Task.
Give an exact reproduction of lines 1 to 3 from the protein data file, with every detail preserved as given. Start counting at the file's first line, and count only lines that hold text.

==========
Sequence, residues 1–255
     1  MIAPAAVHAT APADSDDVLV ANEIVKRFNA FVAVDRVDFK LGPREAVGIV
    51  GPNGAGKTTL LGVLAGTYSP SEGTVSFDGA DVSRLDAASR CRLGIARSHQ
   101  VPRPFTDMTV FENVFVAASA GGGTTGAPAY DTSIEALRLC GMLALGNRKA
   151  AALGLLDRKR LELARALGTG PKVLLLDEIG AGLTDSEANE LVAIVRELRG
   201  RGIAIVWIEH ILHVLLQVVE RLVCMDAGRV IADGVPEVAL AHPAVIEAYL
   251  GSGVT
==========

Sequence, residues 1–255
     1  MIAPAAVHAT APADSDDVLV ANEIVKRFNA FVAVDRVDFK LGPREAVGIV
    51  GPNGAGKTTL LGVLAGTYSP SEGTVSFDGA DVSRLDAASR CRLGIARSHQ